The Winnipeg New Music Festival, for instance, has feted Linda Bouchard, Louie and U.S. composer Joan Tower, among other women. The Toronto Symphony Orchestra recently appointed the gifted Barbara Croall as one of its composer-advisors.

Louie, meanwhile, is breaking new ground with an opera she’s writing for the Canadian Opera Company; slated for performance in 2002, this will be the first full-scale opera commission in Canada that’s gone to a woman, as far as I know.

And some institutions are clearly sensitive to possibilities of prejudice (of any sort): the CBC’s Young Composer Competition presents the jury with anonymous scores.

So do we still need festivals of women’s music? Do such events imply special pleading and ghettoize women? I can’t see that happening at SuperMicMac, with so many strong composers and so many top-of-the-line, high-voltage performers and improvisers.

And if you think we don’t need to raise the profile of women in music, consider the following statistics: Janet Danielson, president of the Association of Canadian Women Composers, estimates that about 40% of Canada’s composers are women. Yet an official from the Canada Council told her that on a series of recent Canada Council juries for new works, only 7% of the performers and presenters were asking for money to c ommission pieces from women. (The women recaived 10% of the available money.) And only about 25% of new music played by major orchestras and new music ensembles is by women, Danielson said from her Vancouver home.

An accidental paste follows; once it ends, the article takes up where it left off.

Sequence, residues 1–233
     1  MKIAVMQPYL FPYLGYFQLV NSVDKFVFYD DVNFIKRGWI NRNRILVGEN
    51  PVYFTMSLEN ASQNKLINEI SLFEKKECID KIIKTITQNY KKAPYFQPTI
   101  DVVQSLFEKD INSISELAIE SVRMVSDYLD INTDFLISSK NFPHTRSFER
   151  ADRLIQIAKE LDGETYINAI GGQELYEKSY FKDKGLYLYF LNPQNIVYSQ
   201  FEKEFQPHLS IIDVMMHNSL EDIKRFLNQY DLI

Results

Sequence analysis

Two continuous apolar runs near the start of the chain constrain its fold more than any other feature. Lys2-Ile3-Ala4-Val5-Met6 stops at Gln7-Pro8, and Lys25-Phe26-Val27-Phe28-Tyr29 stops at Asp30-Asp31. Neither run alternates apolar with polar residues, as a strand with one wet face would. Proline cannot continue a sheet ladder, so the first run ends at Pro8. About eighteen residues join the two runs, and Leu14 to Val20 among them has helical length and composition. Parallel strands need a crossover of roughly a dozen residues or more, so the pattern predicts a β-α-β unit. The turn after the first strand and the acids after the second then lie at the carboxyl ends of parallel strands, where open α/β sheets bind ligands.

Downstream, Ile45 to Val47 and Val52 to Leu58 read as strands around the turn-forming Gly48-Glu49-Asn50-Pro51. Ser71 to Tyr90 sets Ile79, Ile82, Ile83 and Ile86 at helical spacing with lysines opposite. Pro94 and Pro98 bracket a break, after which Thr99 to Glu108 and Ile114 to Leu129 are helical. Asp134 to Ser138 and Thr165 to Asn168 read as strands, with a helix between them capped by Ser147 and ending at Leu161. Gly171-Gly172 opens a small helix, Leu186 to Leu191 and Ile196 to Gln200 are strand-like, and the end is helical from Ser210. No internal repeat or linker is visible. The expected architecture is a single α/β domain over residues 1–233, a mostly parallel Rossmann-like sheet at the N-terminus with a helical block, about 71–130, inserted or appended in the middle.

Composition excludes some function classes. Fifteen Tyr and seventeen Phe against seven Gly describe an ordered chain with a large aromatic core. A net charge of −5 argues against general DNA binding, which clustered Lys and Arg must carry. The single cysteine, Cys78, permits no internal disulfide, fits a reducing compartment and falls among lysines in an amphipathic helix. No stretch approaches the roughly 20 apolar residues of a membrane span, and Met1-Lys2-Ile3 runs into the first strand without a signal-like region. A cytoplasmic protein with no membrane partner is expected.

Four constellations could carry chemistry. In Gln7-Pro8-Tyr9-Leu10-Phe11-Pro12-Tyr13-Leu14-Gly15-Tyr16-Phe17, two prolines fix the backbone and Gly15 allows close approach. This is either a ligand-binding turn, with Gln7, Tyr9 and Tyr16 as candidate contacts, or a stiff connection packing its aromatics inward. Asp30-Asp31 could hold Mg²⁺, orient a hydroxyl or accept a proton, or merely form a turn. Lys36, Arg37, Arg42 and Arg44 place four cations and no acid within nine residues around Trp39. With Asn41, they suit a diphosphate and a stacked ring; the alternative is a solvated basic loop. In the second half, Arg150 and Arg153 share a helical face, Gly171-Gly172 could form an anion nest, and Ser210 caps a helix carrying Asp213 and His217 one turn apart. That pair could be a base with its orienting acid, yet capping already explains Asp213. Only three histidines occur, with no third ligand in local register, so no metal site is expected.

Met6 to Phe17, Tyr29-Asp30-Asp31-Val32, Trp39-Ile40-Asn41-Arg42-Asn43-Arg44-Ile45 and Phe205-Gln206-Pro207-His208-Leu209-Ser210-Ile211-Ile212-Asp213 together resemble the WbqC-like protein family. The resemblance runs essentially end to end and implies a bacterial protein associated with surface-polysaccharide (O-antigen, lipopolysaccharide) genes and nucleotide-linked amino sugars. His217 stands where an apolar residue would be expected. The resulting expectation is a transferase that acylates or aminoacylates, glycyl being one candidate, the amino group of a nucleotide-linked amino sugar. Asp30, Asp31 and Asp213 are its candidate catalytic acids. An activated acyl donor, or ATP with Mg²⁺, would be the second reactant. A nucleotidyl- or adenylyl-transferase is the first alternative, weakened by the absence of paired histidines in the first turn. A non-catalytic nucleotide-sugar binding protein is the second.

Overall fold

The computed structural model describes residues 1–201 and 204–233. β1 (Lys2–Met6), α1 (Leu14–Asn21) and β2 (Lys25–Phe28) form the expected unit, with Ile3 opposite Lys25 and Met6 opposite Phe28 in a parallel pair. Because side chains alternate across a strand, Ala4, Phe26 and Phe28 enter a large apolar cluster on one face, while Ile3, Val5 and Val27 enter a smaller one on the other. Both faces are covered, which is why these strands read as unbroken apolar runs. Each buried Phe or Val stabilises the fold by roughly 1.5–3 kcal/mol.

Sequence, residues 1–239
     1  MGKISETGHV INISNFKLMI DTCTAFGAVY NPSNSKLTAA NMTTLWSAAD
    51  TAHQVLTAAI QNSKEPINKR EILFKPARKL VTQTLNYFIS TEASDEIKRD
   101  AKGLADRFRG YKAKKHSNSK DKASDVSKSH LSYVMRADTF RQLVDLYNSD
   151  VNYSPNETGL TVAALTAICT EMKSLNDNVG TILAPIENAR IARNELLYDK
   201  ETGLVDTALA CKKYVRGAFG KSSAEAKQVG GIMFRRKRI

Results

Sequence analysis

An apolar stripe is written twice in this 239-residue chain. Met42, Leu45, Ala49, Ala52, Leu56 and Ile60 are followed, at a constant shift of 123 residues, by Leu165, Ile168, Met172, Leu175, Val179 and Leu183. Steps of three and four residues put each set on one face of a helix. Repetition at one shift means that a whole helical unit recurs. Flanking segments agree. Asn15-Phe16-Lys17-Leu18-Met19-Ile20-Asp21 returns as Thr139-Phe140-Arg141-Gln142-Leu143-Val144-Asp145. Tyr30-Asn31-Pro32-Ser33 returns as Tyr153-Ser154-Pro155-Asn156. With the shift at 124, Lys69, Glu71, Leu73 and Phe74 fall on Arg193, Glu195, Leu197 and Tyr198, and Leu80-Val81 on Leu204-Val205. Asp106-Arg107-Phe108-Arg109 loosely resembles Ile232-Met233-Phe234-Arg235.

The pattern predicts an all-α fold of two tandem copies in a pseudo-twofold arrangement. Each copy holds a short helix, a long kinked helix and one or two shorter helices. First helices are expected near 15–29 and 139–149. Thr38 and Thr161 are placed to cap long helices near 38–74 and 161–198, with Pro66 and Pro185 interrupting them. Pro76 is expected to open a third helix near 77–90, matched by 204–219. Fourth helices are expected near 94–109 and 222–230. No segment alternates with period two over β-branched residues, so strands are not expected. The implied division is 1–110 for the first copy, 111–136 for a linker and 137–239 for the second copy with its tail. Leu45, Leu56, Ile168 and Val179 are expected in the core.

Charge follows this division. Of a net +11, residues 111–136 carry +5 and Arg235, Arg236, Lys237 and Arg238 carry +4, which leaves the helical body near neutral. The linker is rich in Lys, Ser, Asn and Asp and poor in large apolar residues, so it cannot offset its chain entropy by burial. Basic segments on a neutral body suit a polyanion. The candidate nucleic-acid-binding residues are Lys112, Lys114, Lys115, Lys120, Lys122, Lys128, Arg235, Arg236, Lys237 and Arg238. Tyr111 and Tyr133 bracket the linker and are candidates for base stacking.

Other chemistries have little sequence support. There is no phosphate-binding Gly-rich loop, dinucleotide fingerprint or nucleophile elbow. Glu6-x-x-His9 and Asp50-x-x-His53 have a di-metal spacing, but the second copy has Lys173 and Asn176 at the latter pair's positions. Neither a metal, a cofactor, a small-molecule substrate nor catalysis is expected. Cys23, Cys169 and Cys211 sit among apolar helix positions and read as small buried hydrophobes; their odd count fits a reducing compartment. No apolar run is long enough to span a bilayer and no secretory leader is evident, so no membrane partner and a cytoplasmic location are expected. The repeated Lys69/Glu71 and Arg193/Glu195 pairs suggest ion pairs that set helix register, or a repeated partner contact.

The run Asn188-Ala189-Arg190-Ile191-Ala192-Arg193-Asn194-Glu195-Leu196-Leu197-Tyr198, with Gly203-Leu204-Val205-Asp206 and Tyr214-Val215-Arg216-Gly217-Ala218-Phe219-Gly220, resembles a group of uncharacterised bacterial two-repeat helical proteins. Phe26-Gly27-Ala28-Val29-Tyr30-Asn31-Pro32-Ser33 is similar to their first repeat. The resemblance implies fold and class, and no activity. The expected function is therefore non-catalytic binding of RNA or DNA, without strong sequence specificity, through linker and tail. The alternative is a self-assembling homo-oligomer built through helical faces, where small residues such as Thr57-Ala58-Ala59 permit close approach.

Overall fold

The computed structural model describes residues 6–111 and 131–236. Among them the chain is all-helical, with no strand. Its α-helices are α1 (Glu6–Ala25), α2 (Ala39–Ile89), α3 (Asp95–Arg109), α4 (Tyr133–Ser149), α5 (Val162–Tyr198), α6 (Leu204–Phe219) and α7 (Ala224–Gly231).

“At an institutional level there’s still a tremendous inequity,” she said. “If it were in engineering or something, it would considered scandalous.”

The cream, she says, does seem to rise to the top, regardless of gender. “[Calgary-born] Heather Schmidt, Kelly Marie Murphy — of course these are absolutely first-rate women who are achieving a certain amount of prominence,” Danielson said. «But I guess I11 be satisfied when there are as many second-rate pieces by women programmed as there are by men.”

Danielson had no statistics on the proportion of women teaching composition in Canada’s music faculties — crucial positions of mentorship that also provide composers with prestige, financial security and funds to travel and “network” with presenters and other composers.

So I trolled the Web sites of five major Canadian universities last night, tallying up male and female composition teachers. The picture was not pretty. University of Montréal: six men to one woman (Isabelle Panneton). McGill: seven men, no women. University of Toronto: six men to one woman (Larysa Kuzmenko). University of Calgary: three men, no women. University of British Columbia: five men, no women.

Small wonder, then, that Palardy Roger feels the majority of women in these institutions to some extent “feel like impostors.”

The ACWC is currently planning its own festival of concert music by (mostly) Canadian women composers in Ottawa next fall, to celebrate its 20th anniversary. But in the meantime, SuperMicMac promises to be a roof-shaking celebration of women who’ve beaten the odds.